“My new adoptive family encouraged me to go back to school and so I did. I completed my high school education and that might have been the end of my schooling had it not been for something quite unexpected.”
She paused a slow smile spreading across her face. “I hadn’t thought of my family in years. They seemed part of another life, and I did not believe I had any hopes of ever seeing them again. Why give myself false hope? So you can imagine my surprise when one day, I encountered my father. He recognized me at once and I fled from him fearing what he would do having found the creature that had ambushed him within his daughter’s closet. At first, my fears seemed confirmed as he chased after me, but then he called my name.”
I fought down my fear and confronted him. It seems my family had puzzled out that the goblin in my sister’s closet and I their oldest daughter were one and the same. In retrospect it seemed obvious. Their arrival in Spiral however was a coincidence. It seemed… that my sister had also undergone her twist. Though not severe, by most standards the change was significant enough to drive my family from our hometown. Like me, they had heard of Spiral and fled here hoping for sanctuary. They had not expected to find me there, and had all but given hope of seeing me again.”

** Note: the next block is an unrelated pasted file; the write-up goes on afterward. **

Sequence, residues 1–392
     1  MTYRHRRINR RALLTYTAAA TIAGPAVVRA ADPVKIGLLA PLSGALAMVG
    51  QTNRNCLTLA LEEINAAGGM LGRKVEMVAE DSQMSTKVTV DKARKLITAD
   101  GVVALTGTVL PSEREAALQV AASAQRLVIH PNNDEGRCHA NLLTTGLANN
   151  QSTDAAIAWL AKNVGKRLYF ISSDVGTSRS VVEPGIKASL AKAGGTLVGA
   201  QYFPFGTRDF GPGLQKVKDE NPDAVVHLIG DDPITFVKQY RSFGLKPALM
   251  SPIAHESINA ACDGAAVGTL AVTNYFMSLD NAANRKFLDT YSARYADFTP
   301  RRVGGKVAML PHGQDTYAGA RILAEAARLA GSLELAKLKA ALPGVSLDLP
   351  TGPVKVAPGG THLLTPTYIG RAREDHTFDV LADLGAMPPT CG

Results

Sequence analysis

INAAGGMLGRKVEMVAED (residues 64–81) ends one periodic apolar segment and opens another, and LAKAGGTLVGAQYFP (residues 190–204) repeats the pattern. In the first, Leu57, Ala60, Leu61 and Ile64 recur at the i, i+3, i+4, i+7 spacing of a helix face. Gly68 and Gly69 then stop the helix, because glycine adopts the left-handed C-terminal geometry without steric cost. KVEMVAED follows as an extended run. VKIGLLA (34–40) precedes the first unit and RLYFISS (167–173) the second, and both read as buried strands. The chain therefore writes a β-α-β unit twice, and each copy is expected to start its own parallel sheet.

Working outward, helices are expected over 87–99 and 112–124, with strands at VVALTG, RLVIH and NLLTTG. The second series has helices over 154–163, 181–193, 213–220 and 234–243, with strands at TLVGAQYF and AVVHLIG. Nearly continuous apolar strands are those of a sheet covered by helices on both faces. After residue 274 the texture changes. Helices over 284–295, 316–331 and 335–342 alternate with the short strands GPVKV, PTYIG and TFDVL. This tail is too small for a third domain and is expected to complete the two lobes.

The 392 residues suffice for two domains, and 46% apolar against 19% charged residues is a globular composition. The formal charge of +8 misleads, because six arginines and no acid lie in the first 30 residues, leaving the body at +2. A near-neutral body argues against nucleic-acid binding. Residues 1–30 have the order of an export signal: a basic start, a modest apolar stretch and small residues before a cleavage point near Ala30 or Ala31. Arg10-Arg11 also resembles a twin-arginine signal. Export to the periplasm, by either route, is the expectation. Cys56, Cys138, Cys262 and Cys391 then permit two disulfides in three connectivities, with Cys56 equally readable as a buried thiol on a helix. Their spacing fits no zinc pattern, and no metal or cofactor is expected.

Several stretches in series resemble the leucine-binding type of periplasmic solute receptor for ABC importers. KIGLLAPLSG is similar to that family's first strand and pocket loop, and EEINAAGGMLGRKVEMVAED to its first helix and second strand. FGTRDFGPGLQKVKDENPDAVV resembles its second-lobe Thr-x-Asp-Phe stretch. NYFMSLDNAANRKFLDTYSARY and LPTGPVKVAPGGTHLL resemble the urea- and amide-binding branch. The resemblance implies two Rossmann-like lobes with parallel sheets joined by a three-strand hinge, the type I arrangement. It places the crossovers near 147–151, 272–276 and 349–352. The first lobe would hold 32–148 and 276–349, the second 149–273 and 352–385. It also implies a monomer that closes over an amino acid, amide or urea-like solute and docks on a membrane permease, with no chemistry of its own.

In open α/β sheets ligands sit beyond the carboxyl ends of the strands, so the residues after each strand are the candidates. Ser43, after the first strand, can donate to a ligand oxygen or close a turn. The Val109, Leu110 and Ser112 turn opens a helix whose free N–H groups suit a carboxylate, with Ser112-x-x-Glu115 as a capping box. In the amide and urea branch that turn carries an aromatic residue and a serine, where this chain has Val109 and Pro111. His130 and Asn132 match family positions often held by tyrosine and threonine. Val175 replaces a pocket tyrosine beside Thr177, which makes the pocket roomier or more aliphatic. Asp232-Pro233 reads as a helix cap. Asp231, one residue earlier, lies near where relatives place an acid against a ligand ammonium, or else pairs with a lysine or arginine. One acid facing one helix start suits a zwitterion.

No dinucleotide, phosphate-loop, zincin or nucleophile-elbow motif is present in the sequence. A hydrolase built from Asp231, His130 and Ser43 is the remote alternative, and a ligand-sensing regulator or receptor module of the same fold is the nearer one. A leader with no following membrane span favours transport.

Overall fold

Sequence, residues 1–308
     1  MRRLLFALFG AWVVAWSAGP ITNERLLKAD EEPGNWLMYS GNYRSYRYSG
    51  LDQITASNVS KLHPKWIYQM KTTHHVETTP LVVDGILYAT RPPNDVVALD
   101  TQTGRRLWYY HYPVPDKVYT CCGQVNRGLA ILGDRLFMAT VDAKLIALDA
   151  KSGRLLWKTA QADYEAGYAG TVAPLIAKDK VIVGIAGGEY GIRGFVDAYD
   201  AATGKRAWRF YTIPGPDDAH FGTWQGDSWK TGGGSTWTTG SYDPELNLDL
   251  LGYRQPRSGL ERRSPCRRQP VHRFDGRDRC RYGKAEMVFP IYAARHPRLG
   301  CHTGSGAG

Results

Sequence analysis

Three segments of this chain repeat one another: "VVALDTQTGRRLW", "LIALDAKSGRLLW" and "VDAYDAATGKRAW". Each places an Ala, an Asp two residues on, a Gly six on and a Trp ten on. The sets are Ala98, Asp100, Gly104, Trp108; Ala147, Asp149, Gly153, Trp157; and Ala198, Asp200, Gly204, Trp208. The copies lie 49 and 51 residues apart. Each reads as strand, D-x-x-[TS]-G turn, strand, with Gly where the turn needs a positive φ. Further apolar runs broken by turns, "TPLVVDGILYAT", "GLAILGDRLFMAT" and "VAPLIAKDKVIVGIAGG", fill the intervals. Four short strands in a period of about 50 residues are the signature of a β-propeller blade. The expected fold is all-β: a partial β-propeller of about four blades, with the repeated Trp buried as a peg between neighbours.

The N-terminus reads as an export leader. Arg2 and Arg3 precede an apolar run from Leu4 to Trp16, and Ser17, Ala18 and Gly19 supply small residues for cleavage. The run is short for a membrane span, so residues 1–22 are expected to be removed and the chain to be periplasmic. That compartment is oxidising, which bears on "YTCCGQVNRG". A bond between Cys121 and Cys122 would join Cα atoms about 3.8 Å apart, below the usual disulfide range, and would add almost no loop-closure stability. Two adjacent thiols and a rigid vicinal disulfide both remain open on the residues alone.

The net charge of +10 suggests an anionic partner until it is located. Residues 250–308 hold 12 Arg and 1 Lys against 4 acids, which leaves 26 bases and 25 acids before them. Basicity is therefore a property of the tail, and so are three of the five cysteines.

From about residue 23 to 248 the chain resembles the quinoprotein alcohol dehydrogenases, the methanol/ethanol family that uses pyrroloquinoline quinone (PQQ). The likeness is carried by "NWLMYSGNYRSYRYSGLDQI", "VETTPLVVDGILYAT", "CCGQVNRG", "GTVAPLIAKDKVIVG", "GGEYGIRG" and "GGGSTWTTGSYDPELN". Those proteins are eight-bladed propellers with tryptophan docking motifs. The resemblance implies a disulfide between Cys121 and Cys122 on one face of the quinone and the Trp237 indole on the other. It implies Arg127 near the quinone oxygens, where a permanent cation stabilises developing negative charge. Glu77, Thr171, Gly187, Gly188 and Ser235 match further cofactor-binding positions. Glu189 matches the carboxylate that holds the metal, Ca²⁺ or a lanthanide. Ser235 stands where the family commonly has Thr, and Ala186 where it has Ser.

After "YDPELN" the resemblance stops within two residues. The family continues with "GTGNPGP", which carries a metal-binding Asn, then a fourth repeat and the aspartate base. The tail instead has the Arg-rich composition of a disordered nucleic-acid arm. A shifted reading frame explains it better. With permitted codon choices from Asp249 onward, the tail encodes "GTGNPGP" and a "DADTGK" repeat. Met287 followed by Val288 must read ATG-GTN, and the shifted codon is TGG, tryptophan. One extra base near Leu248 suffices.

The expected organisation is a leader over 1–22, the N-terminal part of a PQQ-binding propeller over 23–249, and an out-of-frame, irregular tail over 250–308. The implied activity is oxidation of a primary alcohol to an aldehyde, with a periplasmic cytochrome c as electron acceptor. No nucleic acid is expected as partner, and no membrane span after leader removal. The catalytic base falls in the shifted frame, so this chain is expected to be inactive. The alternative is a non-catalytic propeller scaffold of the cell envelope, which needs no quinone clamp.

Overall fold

“Reunited with my family, they encouraged me to interact with other twisted and I met many with stories similar to my own. No longer content to live in the shadows, I decided to do something with my life. I thought, perhaps, I could help others like myself and so I did…” She grinned clasping both hands atop the desk. “I won’t bore you with the rest of the details. Suffice it to say that I had to work hard to get my degree and get where I am now. I have been counseling twisted ever since.”